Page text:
Momentum behind joining up and integrating public services around citizens is increasing. As more powers are handed to local areas through ‘devolution deals’, there is now greater opportunity to trial new, collaborative ways of working and shape services around local, citizen needs and experiences. Although evidence around whether joining up actually does improve outcomes for citizens remains patchy, the IfG has found how crucial citizen engagement with public services can be – and complaints are a key avenue for this, allowing service providers to gain insights from users’ experience. As Nesta has highlighted, complaints provide a crucial source of intelligence and can be a real driver for service improvement. This hinges on creating a positive culture around complaints, which focuses on learning from them rather than trying to apportion blame.
There is a risk, however, that a more joined up delivery system will become overly complex and discourage citizens from making any complaints at all – losing a crucial spur for improvement. Three key issues need to be addressed to make the most of citizen complaints in improving outcomes on the ground:
1. Simplify the complaints process for citizens
The Citizens Advice Bureau (CAB) reported at a recent IfG public service markets event that service users often struggle to know who to complain to. This can prevent users from making complaints, even when they experience problems. Likewise, a recent report from the CAB found that 45% of people felt they had experienced poor service within the last year – but only 22% made a formal complaint. These users tended to suggest that they didn’t complain because they thought that the process would take too long – and might not lead to change. As services become more integrated, there is a risk that the complaints process could become even more difficult for citizens to navigate.
Blurring the boundaries between organisations may make it harder for citizens to know who to complain to when problems do arise. Clear lines of accountability are crucial to this – as is ensuring that these are transparent and accessible to the public.
2. Clarify jurisdictions for local partners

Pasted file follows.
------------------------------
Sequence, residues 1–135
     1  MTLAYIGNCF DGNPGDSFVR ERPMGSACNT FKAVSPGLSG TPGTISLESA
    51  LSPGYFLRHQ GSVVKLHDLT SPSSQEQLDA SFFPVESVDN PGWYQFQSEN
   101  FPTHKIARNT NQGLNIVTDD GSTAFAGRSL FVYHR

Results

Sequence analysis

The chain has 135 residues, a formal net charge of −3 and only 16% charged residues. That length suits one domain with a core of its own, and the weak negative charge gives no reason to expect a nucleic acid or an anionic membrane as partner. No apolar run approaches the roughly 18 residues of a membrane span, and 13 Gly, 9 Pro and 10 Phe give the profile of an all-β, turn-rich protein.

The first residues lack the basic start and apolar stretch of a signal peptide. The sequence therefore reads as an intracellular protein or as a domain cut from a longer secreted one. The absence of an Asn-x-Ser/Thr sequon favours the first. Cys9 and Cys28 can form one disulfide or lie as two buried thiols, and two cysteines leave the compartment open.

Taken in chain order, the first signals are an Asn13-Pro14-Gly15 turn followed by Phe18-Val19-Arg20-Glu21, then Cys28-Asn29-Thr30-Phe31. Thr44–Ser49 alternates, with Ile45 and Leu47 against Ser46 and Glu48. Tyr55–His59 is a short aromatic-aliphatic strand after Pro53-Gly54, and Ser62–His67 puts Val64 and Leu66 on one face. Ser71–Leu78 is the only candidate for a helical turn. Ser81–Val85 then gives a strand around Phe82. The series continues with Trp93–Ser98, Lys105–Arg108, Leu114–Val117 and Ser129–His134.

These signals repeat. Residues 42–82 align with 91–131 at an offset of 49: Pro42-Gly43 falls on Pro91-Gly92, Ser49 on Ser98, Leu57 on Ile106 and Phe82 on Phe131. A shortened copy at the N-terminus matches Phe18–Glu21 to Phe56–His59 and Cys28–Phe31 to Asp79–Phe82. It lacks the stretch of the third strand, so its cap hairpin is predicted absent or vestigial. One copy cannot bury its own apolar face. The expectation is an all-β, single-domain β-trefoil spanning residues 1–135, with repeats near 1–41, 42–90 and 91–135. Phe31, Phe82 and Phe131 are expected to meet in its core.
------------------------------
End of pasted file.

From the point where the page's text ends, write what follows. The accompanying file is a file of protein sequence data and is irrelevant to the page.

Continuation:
The current system is confusing not only for citizens, but also for local partners. Some local authorities have expressed concern that they receive complaints for services which they do not control, and therefore do not have the capacity to deal with the problems (but nonetheless are blamed for them). In a more integrated system, it may become even harder for authorities to work out who has ultimate jurisdiction for complaints.
The Government’s proposal to create a single Public Service Ombudsman – due to be introduced before the end of this parliamentary session – may help with this. It will also be equally important for local partners to clarify jurisdictions for complaints when drawing up partnership arrangements between different providers.
3. Use data to drive system-wide change
Clear jurisdictions and lines of accountability are necessary to ensure citizen complaints can be heard and dealt with. However, to ensure that complaints drive system-wide change, it will be crucial to aggregate complaints data and use it to quickly identify system-wide problems, as the CAB have recently argued. Being clear in partnership arrangements on what complaints data will be collected, and how it will be shared among partners, is crucial to harnessing the potential of complaints to drive system-wide improvement in services.
Joining up services around citizens can offer real opportunities to improve outcomes. Yet, if users find it difficult to complain when things go wrong, or authorities can’t translate complaints into improvements, then these opportunities may be missed.
It is proposed that, initially, the Public Service Ombudsman will encompass the work of the Parliamentary and Health Service Ombudsman and the Local Government Ombudsman; although other ombudsmen will be able to be incorporated into the role later.